CROCODILES

CROCODILES
April 2019

Reptilian…old-world…sinister…dangerous…lazy…deadly…

How do you describe the feeling of an encounter with one of Earths last living dinosaurs?

Tell you what: let me give you a few fascinating facts about crocodiles. After you have read this blog, send me your thoughts in the Comments bar. I would love to hear from you!

  • Fact No 1: Crocodiles are currently the biggest reptiles on Earth. After the great catastrophe that felled the dinosaurs around sixty million years ago, the remaining reptiles had to adapt to being smaller and less conspicuous. The crocodile with its semi-aquatic lifestyle could stay unchanged. Today the Nile crocodile that we see on Kaingo can reach up to 6.5m in length and weigh a hefty ton!
  • Fact no 2: There are no natural crocodiles in Europe. Europe is a cold place. Food scarcity and inclement weather have caused crocodile to prefer warmer climates. Being cold-blooded does not help either! Movement in cold is agonisingly slow at best, all but impossible in snowy or iced-up lakes.
  • Fact no 3: There are thirteen surviving species of crocodile world over. Talk of an unlucky number! Many ancient crocodile populations perished because of rapid habitat changes or lack of reliable resources. The largest fossilised crocodile ever found was a chap called Sarcosuchus imperator; a beast of about twelve meters long with a weight of eight tonnes.
  • Fact no 4: Crocs have very sophisticated hearts! Far from being heartless monsters they, in fact, have a four-chambered heart just like you and me. The major difference is that the crocodiles can regulate the destination of the blood pumped through the heart to the areas it is most needed. Most other reptiles have a much simpler three-chambered heart structure.
  • Fact no 5: They can really move in the water. Crocs can reach a swimming speed of up to fifteen kilometres an hour in the water. That is much faster than an Olympic swimmer. The fastest human swimmers can reach a speed of just over eight kilometres an hour, swimming. On land, however, most people will be able to outrun a croc. Maximum land speed is only twenty-five kilometres per hour. With the right motivation, like a big saurian chasing you…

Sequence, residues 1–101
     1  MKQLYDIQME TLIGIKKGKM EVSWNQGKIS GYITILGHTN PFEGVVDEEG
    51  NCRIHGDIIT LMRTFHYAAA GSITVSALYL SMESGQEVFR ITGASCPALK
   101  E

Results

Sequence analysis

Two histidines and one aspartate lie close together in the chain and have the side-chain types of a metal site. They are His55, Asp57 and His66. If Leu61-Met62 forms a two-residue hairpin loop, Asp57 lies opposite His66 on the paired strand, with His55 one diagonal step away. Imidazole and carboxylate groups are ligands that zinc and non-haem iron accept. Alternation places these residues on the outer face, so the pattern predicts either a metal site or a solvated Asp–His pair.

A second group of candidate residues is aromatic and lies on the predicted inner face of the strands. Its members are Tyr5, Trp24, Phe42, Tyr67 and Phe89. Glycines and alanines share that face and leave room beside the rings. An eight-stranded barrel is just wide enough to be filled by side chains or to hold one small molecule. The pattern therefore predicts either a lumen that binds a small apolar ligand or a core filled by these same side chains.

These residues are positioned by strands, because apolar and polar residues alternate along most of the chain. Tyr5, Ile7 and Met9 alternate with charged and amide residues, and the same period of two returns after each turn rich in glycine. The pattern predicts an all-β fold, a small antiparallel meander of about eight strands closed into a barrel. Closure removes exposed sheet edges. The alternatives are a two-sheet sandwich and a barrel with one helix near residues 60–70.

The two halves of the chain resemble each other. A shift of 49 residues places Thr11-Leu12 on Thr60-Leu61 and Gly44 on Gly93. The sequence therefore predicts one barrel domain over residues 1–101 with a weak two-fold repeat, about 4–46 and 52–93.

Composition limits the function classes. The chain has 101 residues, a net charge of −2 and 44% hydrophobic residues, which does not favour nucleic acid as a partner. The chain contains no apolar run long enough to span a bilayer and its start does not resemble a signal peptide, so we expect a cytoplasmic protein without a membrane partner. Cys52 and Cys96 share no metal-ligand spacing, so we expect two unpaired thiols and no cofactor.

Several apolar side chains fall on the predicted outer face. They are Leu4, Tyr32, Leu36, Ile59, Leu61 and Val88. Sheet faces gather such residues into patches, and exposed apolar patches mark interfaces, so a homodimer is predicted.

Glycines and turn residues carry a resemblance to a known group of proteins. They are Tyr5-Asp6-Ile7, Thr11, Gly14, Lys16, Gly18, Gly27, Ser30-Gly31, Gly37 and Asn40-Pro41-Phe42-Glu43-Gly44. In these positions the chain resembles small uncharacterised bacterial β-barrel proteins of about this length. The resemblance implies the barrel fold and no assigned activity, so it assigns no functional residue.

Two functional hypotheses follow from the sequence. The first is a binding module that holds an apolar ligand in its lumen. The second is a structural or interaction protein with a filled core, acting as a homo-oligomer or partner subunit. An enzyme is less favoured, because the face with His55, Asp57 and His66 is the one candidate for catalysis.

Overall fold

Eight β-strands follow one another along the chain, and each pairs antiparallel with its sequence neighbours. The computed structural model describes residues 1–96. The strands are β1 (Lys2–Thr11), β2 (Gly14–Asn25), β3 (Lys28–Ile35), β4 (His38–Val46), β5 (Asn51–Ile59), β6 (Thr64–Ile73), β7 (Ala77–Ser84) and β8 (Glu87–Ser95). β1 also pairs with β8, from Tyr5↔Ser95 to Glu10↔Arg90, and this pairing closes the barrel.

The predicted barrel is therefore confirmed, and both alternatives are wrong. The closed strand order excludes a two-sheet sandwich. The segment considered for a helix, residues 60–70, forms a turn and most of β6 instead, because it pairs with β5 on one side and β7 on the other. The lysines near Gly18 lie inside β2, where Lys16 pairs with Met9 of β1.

• Fact no 6: Crocs don’t chew their food. No wonder they suffer from halitosis! Crocodile teeth are made for gripping its prey. Chunks of meat are then torn off the prey by the ‘death roll’ and swallowed whole. They are known for ingesting stones and other hard objects to assist the stomach with digestion. These stones are very highly sought after in traditional African medicine.
  • Fact no 7: They are great mothers. You read that right! Crocs have a very good maternal instinct. Prior to the hatchlings digging their way out of their sandy nest, the female will hear her broods high pitched calls. She will then dig them up and carry them, by mouth, into the water. This gave rise to the legend that crocodiles eat their young. Little did we know…
  • Fact no 8: About food; crocodiles will eat mainly fish, but occasionally also hunt mammals, birds and humans. There have even been records of hippo, rhino and elephant falling prey to a crocodile! People in rural areas and fisherman are most susceptible to crocodile attack, and even a tree meter long crocodile is powerful enough to overpower an adult human. Vigilance is key! Crocodiles will not readily attack boats or even humans walking on the edge of the water. Swimming in crock infested water is maybe not a smart idea.
  • Fact no 9: Crocodile tears are real! Have you or anyone you know turned on the waterworks to get out of a traffic fine or get your way in an argument? These insincere tears are called ‘crocodile tears’. Crocodiles swallowing their food activates a gland near the eye, producing a tear-like substance to run down the face. This was first described by the philosopher Photios in 810 ac. He philosophised that it is a ploy to lure his victims closer for the kill! We now know better…
  • Fact no 10: Kaingo has a good population of crocodile. With our twelve kilometres of river frontage and soft sandy banks, it stands to reason that we have a good and stable population of crocodile. Often seen on a game drive to the Mokolo river, or when floating downstream on the river cruise, they hold a particular fascination to guides and guests alike.

Keen to meet one in the flesh? I know I am!

2019-04-08T12:41:57+00:00Weekly Blog|